By Sam Youngman - 11/25/09 08:12 PM EST
President Barack Obama is ending a whirlwind first year in the Oval
Office with a critical December that could shape the rest of his
On domestic, economic and foreign policy issues, Obama faces decisions and hurdles that could make or break his presidency and shape next fall’s elections, where Democrats will try to keep a working majority in the House and a filibuster-proof majority in the Senate.
As Obama announces his decision, the Senate will begin its debate over healthcare with the hope of completing its work by Christmas. That would set up final negotiations with the House on the domestic policy issue most closely identified with Obama.
The Afghanistan roll-out and the healthcare debate make December “pretty critical,” said George Edwards, an expert on the presidency and a political science professor at Texas A&M University. Afghanistan alone, Edwards said, has “the real potential to make or break him.”
The plan to send more troops to an increasingly unpopular war pits Obama against some in his party and threatens to put him on a similar course as President Lyndon Johnson, who saw his plans for a Great Society shattered by Vietnam.
An escalation in Afghanistan will add to a budget deficit already threatening to limit what Obama’s administration can achieve in re-shaping U.S. policies on healthcare, taxation and energy, particularly as the nation continues to fight through a recession.
“They're in a vulnerable position,” said Democratic strategist Dan Gerstein.
November saw the president’s approval ratings drop below 50 percent in reputable polls. December could be the turning point which either helps revive Obama’s high poll numbers or threatens to push them down further.
Obama also will host a Dec. 3 jobs summit intended as a step toward solving an unemployment crisis the likes of which haven’t been seen in the United States since the early 1980s. The economy and jobs are expected to dominate Obama’s second year in office, and public confidence in his ability to restore the country’s economic health is likely to have a great impact on how many Democrats are re-elected to Congress next fall.
Along the way, Obama will pick up a Nobel Peace Prize in Norway and attend a climate change summit in Denmark.
Phil Singer, a Democratic strategist and spokesman for Hillary Rodham Clinton's presidential campaign, said December is no more critical for Obama than any other month since he took office.
Obama inherited two foreign wars and a financial crisis from the Bush administration. He also had to decide how to respond to the legacies of Iraq and the war against terrorism, including the Guantanamo Bay prison and what to do with the detainees there.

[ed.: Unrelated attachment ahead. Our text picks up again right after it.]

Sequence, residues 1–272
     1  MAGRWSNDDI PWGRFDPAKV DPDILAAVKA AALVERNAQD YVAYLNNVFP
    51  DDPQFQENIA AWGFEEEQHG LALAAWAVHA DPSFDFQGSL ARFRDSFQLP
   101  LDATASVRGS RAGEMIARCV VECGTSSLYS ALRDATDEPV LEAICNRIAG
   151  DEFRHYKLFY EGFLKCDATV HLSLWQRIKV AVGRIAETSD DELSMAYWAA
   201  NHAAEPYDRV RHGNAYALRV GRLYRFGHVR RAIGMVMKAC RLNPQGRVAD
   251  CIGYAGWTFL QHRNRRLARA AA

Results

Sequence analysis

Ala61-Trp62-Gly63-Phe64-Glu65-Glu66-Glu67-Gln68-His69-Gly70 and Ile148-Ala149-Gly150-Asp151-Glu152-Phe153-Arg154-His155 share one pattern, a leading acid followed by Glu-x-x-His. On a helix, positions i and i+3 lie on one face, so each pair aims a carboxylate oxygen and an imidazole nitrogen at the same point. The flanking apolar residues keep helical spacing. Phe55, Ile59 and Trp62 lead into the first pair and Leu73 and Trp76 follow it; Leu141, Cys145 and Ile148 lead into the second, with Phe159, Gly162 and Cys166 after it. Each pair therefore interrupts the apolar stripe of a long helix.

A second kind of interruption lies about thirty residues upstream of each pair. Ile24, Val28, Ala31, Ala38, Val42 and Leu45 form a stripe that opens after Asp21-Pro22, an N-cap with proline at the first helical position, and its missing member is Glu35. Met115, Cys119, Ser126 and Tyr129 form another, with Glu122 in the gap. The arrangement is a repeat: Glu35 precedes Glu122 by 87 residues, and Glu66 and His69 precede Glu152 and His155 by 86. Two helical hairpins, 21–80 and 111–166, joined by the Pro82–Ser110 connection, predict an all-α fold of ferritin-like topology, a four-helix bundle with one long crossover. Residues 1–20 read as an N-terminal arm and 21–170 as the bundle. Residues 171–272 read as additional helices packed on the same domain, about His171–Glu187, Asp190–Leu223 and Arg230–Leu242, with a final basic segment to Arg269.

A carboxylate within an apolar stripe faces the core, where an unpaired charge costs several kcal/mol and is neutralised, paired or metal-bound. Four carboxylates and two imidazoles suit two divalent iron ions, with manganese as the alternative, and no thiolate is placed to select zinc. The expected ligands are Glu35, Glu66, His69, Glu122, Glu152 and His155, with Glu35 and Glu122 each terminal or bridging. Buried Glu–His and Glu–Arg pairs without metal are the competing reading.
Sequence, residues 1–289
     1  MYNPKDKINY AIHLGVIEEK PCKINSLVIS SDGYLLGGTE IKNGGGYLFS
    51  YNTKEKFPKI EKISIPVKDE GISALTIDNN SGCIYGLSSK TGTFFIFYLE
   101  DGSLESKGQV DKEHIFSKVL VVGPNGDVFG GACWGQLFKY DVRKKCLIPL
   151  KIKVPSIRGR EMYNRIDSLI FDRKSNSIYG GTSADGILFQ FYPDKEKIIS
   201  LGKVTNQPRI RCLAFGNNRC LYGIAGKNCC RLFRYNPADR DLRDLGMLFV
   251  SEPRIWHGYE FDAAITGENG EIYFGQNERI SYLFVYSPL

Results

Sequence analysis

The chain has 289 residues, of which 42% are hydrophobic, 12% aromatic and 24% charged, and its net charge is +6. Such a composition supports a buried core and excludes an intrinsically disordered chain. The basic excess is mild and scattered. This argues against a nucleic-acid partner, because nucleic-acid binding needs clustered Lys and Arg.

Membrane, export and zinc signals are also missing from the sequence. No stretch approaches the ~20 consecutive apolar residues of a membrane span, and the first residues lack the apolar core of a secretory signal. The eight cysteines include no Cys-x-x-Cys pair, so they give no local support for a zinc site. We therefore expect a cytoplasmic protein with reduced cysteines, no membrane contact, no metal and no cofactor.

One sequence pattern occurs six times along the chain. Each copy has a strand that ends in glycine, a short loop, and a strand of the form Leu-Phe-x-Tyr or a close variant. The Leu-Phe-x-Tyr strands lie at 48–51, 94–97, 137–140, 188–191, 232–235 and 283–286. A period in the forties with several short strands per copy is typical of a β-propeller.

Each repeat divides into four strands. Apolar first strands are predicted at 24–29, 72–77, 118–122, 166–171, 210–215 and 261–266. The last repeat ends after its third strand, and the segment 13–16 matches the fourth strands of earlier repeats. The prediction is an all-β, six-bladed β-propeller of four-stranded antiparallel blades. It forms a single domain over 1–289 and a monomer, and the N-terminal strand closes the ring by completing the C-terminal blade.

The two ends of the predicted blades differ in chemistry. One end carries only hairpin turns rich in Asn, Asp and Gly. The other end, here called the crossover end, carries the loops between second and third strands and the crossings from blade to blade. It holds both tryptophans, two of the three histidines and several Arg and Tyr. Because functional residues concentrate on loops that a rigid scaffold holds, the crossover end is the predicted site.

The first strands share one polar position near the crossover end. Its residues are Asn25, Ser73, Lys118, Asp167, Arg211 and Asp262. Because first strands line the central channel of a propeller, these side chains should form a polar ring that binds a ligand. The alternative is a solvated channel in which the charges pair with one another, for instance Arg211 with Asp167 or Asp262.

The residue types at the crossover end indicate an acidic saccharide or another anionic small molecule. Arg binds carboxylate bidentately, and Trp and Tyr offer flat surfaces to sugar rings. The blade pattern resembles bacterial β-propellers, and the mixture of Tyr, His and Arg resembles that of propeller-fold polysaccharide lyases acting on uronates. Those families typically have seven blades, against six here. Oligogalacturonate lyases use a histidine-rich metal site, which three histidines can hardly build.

To deal with the economy, Obama and Democrats passed a $787 billion stimulus that has produced mixed results, performed stress tests on the nation’s biggest banks and spent billions in Troubled Asset Relief Funds (TARP). It now must decide what to do with the remaining TARP funds.
Obama also saw climate change legislation approved by the House, traveled the world in an effort to repair the U.S. brand and put a new member on the Supreme Court, Justice Sonia Sotomayor.
“This president started the year with a full plate, and it's ending with a full plate,” Singer said. “The agenda is moving forward, that's for sure.”
But Gerstein said Obama’s lengthy deliberation on Afghanistan and his perceived unwillingness to get involved in policy debates or defer to Congress have begun to create the perceptions that Obama is flimsy or unable to make a decision, mired by “weakness or vacillation.”
“President Obama has not taken on a lot of high-profile issues with forceful stands,” Gerstein said. “And if [those perceptions] harden in 2010, it is definitely going to make it difficult for him to strengthen Democrats' political standing going into the midterms.”
Gerstein, Singer and other presidential observers agreed that the month's events create a “perfect storm” that gives Obama the opportunity to grab the reins of both his foreign policy and domestic agendas and claim the mantle of a strong leader.
“If the president stands up and says 'follow me,' and they do, that really reinforces the image of an effective president,” Edwards said.
But if December ends with perceptions that Obama has stood on the sidelines, then New Year's at the White House will likely be a less than joyous occasion.
“Between climate change, Afghanistan, health care and the need for improved jobs-messaging, they have a ton on the agenda next month," said one Republican strategist. “Assuming all those issues are still outstanding at the end of the month, Obama's 'first year [in office]'stories are going to be B-R-U-T-A-L.”